Article first published online: 3 AUG 2014 | DOI: 10.1002/anie.201406594

      Thumbnail image of graphical abstract

      The direct­ ortho­ alkylation of 8-aminoquinoline-based aryl amides was achieved with primary alkyl bromides in high yields in the presence of an iron catalyst, 1,2-bis(diphenylphosphino)ethane (dppe), and PhMgBr in 2-MeTHF.

    40. Cross-Coupling

      Gold(I)-Catalyzed Diazo Coupling: Strategy towards Alkene Formation and Tandem Benzannulation (pages 11070–11074)

      Daming Zhang, Guangyang Xu, Dong Ding, Chenghao Zhu, Dr. Jian Li and Prof. Dr. Jiangtao Sun

      Article first published online: 25 AUG 2014 | DOI: 10.1002/anie.201406712

      Thumbnail image of graphical abstract

      Crossing paths: A gold(I)-catalyzed cross-coupling of diazo compounds to afford tetrasubstituted alkenes has been developed. In addition, a gold(I)-initiated benzannulation has been achieved in a tandem reaction involving cross-coupling of the vinyldiazoacetates, sequential 6π electrocyclization, and oxidative aromatization.

    41. Natural Product Synthesis

      Spiroacetal Formation through Telescoped Cycloaddition and Carbon–Hydrogen Bond Functionalization: Total Synthesis of Bistramide A (pages 11075–11078)

      Xun Han and Prof. Paul E. Floreancig

      Article first published online: 4 SEP 2014 | DOI: 10.1002/anie.201406819

      Thumbnail image of graphical abstract

      Actin' out: Spiroacetals can be prepared from aldehydes and functionalized dienes through a convergent, telescoped sequence of cycloaddition, oxidative C[BOND]H bond cleavage, and acid treatment. The functional-group tolerance and facile accessibility of the components render this procedure suitable for the synthesis of structurally complex natural products such as the actin-binding cytotoxin bistramide A.

    42. Sythetic Methods

      Regioselective Radical Aminofluorination of Styrenes (pages 11079–11083)

      Hongwei Zhang, Yongcheng Song, Dr. Jinbo Zhao, Prof. Jingping Zhang and Prof. Qian Zhang

      Article first published online: 27 AUG 2014 | DOI: 10.1002/anie.201406797

      Thumbnail image of graphical abstract

      Double agent: The copper-catalyzed radical aminofluorination of styrenes with N-fluorobenzenesulfonimide (NFSI) has been realized with high regioselectivity, thus affording aminofluorination products with regioselectivities opposite to those of the palladium-catalyzed and noncatalyzed processes. NFSI reacts under N[BOND]F bond homolysis and is utilized as both a radical nitrogen source and radical fluorine source.

    43. Cyclization

      Mild ArI-Catalyzed C(sp2)[BOND]H or C(sp3)[BOND]H Functionalization/C[BOND]O Formation: An Intriguing Catalyst-Controlled Selectivity Switch (pages 11084–11087)

      Xueqiang Wang, Joan Gallardo-Donaire and Prof. Ruben Martin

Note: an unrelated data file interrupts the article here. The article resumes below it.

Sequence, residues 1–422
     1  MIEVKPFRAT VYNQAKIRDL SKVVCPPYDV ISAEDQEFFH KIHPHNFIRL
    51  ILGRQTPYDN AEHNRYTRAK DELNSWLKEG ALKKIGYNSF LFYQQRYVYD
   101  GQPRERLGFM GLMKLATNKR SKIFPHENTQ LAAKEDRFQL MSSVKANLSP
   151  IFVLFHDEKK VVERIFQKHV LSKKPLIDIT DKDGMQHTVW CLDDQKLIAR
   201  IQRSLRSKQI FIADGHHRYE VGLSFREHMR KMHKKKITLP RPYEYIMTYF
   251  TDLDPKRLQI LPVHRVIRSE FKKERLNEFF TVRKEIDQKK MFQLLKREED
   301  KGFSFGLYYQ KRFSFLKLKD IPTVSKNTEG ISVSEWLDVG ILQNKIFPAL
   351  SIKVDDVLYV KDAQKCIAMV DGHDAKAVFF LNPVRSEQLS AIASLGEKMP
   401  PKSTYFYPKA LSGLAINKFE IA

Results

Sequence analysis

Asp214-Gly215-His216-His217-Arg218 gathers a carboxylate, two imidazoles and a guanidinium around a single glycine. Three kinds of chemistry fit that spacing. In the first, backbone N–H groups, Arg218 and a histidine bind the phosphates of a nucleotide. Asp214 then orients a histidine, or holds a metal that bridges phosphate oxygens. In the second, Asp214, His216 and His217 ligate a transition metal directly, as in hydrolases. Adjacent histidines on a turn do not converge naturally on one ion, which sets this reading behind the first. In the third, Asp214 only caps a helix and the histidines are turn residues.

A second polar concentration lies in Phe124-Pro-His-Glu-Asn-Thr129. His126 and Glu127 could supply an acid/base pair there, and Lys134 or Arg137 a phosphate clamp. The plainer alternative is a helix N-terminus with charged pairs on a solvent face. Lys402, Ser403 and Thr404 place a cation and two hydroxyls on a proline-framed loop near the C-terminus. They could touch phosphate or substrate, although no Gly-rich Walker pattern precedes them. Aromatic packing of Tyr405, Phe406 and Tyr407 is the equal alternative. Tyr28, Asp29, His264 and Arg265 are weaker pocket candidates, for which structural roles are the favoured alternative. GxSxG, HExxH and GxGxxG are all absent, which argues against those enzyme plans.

Article first published online: 25 AUG 2014 | DOI: 10.1002/anie.201407011

      Thumbnail image of graphical abstract

      Who controls the switch? I! A tandem C(sp2)[BOND]H or C(sp3)[BOND]H functionalization/C[BOND]O bond-forming reaction catalyzed by IIII reagents generated in situ has been developed. The transformation shows broad scope under mild conditions and exhibits an unprecedented selectivity profile that can be switched depending on the nature of the iodine catalyst employed (see scheme; HFIP=1,1,1,3,3,3-hexafluoro-2-propanol).

    44. Cross-Coupling

      Synthesis of Direct β-to-β Linked Porphyrin Arrays with Large Electronic Interactions: Branched and Cyclic Oligomers (pages 11088–11091)

      Hao Cai, Keisuke Fujimoto, Dr. Jong Min Lim, Chaojie Wang, Weiming Huang, Yutao Rao, Senmiao Zhang, Hui Shi, Dr. Bangshao Yin, Prof. Dr. Bo Chen, Prof. Dr. Ming Ma, Prof. Dr. Jianxin Song, Prof. Dr. Dongho Kim and Prof. Dr. Atsuhiro Osuka

      Article first published online: 25 AUG 2014 | DOI: 10.1002/anie.201407032

      Thumbnail image of graphical abstract

      Molecular twine: The title porphyrin trimers and pentamers have been synthesized by Suzuki–Miyaura coupling of β-boryl-porphyrins and β-bromoporphyrins. The cyclic porphyrin trimer, the smallest directly linked cyclic porphyrin, and its twined pentamer exhibit small HOMO–LUMO gaps, broad nonsplit Soret bands, red-shifted Q-bands, and efficient excitation-energy hopping.

    45. Ruthenium Pincer Complexes | Hot Paper

      Direct Catalytic Olefination of Alcohols with Sulfones (pages 11092–11095)

      Dr. Dipankar Srimani, Dr. Gregory Leitus, Yehoshoa Ben-David and Prof. Dr. David Milstein

      Article first published online: 27 AUG 2014 | DOI: 10.1002/anie.201407281

      Thumbnail image of graphical abstract

      The one-step olefination of alcohols with sulfones for the direct synthesis of terminal and internal olefins can be catalyzed by ruthenium pincer complexes. Furthermore, performing the reaction with dimethyl sulfone under mild hydrogen pressure provides a one-step method for the replacement of alcohol hydroxy groups by methyl groups.

SEARCH

SEARCH BY CITATION